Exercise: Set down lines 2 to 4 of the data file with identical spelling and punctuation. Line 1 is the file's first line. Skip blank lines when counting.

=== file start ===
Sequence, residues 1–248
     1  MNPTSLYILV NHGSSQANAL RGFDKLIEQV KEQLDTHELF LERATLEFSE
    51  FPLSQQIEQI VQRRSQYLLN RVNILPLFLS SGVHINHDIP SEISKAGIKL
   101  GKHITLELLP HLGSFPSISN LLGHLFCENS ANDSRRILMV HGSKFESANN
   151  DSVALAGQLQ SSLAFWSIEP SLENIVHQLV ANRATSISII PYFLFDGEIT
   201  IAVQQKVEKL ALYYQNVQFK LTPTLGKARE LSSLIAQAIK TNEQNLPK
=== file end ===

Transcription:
     1  MNPTSLYILV NHGSSQANAL RGFDKLIEQV KEQLDTHELF LERATLEFSE
    51  FPLSQQIEQI VQRRSQYLLN RVNILPLFLS SGVHINHDIP SEISKAGIKL
   101  GKHITLELLP HLGSFPSISN LLGHLFCENS ANDSRRILMV HGSKFESANN